The Collections in the Landscape project has been all about getting the museum’s collection online, accessible and available in the landscape. The main platform for this is www.buxtonmuseumapps.com but we have also been using other digital platforms to showcase the collections and the work we are doing. I have been busy collating all this information for our Stage 2 application and thought it would be interesting to share some of our discoveries.
Since the beginning of the project, the Collections in the Landscape blog has been the main portal for all of the project content and news. It has also pulled together all of the museum’s social media feeds, which is great because only Facebook features on the main museum website. It has a small but loyal audience, that is growing slowly but steadily, and is actually a great way to disseminate project news to other members of staff.
The museum joined Twitter in October. We have grown to love twitter but we have all found out that it takes a lot of work to make it a success (and there are five of us!). We began by expanding our audience with #FossilFridays and other hashtags, and we also publicise events and exhibitions on there. To our surprise, the main audience for the Twitter feed is other museums and museum professionals. This means it is a great resource for professional enquiries, publicising our work and seeing what others museums are up to. The downside of this is that posted links do not get as much attention as on sites like Facebook. Nevertheless, Twitter is a really useful platform and having that immediate connection to other museums is a great way to boost our profile and showcase our work, even if it isn’t in the way we originally expected.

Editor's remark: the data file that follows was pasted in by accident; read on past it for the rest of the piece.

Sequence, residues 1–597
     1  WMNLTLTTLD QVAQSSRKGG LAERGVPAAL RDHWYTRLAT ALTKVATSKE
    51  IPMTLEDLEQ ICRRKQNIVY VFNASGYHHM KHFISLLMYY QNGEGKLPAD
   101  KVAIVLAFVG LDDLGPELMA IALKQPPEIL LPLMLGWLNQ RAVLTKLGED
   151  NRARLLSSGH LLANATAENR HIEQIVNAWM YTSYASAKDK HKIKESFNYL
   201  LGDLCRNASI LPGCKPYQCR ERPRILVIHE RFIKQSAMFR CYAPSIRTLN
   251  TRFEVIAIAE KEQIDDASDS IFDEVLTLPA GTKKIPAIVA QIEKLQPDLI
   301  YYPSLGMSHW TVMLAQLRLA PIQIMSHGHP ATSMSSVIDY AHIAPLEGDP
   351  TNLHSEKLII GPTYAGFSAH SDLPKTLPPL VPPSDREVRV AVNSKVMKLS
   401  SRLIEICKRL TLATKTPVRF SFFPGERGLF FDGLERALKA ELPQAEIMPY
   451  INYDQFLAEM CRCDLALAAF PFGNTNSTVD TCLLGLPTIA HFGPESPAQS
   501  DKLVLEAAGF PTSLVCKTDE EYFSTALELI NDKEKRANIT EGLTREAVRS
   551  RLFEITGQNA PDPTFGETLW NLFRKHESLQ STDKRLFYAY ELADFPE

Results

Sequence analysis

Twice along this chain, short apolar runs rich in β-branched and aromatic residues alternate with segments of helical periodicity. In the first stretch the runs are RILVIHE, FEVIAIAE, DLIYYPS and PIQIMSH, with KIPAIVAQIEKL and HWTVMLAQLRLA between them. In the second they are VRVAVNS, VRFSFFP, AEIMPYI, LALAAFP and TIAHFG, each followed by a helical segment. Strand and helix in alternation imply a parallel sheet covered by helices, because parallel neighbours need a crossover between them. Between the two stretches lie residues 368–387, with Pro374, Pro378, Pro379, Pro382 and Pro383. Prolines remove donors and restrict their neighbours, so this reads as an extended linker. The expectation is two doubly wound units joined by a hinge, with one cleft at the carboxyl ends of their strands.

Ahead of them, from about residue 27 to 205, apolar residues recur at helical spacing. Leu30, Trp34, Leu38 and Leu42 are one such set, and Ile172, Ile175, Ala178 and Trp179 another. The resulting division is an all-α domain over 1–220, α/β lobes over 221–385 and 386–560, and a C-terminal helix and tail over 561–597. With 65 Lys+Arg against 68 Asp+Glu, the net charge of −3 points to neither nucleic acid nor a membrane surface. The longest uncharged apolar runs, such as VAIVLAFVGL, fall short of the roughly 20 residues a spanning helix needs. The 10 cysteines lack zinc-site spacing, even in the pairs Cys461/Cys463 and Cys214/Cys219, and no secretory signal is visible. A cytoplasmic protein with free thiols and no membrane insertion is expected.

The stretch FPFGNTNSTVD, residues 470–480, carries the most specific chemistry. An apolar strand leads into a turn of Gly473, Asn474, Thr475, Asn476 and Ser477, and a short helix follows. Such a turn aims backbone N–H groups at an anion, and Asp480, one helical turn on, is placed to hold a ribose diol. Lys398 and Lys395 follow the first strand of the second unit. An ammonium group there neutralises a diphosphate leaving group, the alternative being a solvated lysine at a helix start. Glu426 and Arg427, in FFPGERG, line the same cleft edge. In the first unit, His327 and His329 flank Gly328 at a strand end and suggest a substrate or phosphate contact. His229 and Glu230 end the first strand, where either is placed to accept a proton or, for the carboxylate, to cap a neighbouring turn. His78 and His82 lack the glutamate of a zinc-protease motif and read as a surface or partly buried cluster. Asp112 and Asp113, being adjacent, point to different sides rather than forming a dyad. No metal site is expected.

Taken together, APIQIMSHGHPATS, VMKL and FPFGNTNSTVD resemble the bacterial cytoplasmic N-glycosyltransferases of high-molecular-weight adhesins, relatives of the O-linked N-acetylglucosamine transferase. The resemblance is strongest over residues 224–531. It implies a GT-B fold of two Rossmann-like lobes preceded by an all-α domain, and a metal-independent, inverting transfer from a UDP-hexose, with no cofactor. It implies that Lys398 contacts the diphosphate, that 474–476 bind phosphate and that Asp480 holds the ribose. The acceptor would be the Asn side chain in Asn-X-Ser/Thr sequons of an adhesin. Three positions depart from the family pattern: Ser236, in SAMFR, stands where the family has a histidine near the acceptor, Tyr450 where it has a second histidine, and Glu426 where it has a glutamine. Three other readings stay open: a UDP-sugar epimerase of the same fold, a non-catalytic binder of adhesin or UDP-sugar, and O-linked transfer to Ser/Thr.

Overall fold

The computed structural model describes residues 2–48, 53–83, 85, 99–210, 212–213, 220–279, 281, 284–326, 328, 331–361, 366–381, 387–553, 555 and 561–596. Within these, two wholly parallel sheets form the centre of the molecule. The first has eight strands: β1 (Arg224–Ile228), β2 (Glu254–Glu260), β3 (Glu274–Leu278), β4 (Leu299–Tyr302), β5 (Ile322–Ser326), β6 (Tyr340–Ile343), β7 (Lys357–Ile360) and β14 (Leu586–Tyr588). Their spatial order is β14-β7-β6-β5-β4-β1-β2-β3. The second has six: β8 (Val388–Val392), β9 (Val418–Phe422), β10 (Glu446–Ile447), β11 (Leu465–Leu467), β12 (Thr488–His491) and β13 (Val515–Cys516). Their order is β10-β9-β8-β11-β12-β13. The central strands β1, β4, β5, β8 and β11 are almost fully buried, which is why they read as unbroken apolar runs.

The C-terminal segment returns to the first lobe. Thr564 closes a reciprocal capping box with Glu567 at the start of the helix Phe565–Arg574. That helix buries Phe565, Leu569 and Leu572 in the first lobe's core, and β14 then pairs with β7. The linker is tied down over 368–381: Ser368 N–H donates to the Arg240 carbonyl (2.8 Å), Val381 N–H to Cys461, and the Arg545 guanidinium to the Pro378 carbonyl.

Flickr is one of the online dinosaurs. Unlike other platforms, you do not have access to your visitor figures, so we have no idea if anyone actually looks at it or not! It is, however, very useful for our purpose and a lot of museums still use it. It offers us a platform to showcase the museum’s collections with high-quality images and any member of staff can easily update and change it. The main issue with Flickr is copyright. Using the site has made us consider the importance of the museum’s digital assets, as well the physical collections, which hadn’t previously been given much thought. If you have visited our Flickr site we would be interested to know what you thought.
The main museum website still takes the bulk of the online visitor figures and is the site we know the most about. The figures show trends that we wouldn’t have thought about; for instance, we get huge spikes in traffic during school holidays. It is also interesting to see how people are reaching the site. Many people search for us directly, or already know where they are going, but one of the biggest referral sites is daysoutwiththekids.co.uk, which we didn’t know about. This shows the importance of having a good hub website where other online projects link to (at the moment there is only a link to Facebook). We are really keen on developing the museum’s website further and, in partnership with the council’s IT team, are in the process of getting some of the collection records online. We are also thinking about making more Collections pages, to really show off what makes the museum special.